Evgenia, however, did not like it. Not for the last time, she would prove an influence over Ransome’s writing, and though at this time, her objections to the story ended up with positive results, in time, her gloom and discouragement about the standard of each new work, her fearful concern for the possible effect upon their income, would undermine Ransome to the point where he could no longer worked. This time, her objections were that it was too different to S&A, and that it broke the implicit promise of a direct sequel that Ransome had made in the closing pages of the first novel, with the children promising to meet up the following summer. Under Evgenia’s influence, Ransome abandoned his new book, and the potentially unsustainable structure of the children making things up as they went along. But he would not abandon his idea completely.
The sequel was entitled Swallowdale. It’s the longest book in the series, and also the one in which the least conventional adventure happens. Famously, Ransome had already begun getting letters from excited readers who believed – perceptively – that the Swallows and Amazons were real people, and anxious for a sequel. Ransome asked one eager young fan what he thought should happen in a sequel. The boy suggested that, with Captain John’s somewhat smug confidence in himself as a sailor, it would be a good idea for him to have a crash, and sink Swallow. The delighted Ransome, whilst not giving anything away, heavily hinted in return that he had already thought of this.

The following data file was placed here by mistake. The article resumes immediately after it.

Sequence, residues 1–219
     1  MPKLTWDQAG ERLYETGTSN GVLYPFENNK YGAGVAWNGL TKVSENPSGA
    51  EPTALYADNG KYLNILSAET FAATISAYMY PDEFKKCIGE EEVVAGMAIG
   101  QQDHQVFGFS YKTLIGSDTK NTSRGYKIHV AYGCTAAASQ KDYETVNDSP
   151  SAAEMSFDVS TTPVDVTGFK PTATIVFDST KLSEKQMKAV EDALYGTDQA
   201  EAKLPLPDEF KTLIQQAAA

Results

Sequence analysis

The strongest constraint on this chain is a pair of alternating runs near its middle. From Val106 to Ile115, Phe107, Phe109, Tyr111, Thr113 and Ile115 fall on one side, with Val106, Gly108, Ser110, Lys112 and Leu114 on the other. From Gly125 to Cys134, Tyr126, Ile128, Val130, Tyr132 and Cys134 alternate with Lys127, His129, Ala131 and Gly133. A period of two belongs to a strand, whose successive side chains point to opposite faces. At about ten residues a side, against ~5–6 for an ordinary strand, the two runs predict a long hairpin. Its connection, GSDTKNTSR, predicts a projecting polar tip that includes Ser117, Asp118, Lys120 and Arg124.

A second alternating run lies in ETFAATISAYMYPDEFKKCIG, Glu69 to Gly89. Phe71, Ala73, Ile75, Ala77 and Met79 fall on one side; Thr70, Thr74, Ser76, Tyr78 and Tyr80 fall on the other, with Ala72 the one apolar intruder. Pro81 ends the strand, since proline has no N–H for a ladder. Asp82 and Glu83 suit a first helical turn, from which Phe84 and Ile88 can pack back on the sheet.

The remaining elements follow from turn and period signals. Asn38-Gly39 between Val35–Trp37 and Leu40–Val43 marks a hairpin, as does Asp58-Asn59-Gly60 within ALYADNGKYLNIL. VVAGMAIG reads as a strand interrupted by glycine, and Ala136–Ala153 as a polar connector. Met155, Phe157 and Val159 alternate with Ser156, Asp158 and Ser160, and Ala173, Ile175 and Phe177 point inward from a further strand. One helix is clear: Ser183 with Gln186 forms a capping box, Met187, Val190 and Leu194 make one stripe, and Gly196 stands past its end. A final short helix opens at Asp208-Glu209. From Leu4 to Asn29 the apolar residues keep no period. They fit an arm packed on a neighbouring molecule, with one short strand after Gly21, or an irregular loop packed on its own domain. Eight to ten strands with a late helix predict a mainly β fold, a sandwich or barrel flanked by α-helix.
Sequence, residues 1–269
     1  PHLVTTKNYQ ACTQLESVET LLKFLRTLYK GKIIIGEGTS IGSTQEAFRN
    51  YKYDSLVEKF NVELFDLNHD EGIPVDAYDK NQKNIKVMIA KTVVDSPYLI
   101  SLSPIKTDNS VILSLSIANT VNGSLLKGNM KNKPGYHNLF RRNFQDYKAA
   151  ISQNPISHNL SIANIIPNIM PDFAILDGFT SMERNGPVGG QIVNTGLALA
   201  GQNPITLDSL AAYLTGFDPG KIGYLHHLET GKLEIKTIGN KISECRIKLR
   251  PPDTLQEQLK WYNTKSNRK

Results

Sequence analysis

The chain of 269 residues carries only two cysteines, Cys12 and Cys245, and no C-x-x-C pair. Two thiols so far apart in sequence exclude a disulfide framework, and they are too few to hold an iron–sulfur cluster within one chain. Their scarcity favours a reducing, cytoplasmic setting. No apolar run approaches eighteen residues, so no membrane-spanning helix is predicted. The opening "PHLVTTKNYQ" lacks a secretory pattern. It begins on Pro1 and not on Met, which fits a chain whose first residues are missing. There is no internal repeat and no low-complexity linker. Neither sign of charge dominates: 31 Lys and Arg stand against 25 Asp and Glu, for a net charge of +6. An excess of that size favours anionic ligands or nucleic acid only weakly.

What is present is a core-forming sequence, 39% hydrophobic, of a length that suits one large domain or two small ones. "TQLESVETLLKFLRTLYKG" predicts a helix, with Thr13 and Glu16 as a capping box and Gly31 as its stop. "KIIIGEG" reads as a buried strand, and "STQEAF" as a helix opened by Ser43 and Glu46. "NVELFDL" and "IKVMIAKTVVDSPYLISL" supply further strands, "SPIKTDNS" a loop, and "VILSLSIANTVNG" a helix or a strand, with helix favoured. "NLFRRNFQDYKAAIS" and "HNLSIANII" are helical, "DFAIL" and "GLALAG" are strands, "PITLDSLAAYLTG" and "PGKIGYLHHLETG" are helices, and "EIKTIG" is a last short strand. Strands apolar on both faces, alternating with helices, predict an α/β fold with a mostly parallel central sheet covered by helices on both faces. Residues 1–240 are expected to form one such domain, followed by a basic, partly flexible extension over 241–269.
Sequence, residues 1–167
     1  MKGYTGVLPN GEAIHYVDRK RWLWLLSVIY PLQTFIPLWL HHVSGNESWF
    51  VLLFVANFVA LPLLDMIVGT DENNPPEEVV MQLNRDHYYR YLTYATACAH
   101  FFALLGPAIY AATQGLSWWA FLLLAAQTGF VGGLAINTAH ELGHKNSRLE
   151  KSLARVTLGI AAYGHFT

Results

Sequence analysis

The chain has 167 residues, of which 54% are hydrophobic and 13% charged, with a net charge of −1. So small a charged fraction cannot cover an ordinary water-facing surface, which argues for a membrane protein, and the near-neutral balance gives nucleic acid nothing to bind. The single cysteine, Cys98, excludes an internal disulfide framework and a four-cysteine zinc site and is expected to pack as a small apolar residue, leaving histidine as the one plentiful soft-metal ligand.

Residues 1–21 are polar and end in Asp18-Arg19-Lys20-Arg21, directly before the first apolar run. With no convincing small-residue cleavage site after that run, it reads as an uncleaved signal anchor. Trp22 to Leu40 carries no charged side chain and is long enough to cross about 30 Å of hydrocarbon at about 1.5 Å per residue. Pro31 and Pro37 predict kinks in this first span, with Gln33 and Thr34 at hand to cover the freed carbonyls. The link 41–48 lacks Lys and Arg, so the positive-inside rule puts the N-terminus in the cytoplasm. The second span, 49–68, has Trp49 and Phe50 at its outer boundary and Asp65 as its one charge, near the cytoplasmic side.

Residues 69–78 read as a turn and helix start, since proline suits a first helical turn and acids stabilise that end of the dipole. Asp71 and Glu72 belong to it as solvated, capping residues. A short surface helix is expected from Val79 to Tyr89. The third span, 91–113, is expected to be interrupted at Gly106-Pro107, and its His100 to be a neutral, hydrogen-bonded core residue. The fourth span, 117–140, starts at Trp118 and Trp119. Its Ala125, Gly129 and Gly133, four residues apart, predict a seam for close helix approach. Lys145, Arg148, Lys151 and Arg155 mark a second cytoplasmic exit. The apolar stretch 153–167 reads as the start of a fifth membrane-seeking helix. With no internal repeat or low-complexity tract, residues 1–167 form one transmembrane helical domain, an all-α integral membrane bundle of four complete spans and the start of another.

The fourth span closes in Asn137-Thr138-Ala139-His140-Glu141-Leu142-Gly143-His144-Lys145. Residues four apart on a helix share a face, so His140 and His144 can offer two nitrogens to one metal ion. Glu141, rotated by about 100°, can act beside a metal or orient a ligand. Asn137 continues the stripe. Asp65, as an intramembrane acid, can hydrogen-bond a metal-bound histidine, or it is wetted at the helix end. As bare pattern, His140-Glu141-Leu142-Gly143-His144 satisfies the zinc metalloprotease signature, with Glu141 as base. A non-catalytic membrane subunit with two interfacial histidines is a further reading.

Swallowdale takes place in the school holidays of the second summer. The Walkers arrive at Holly Howe, with a surprisingly articulate two year old Bridget (no longer called Vicky because she no longer looks like the Queen – Ransome had, by this time, holidayed at Aleppo and seen for himself). They expect to carry on where last summer left off, but are disappointed not to find the Amazons meeting them at the station, nor at camp on Wild Cat Island.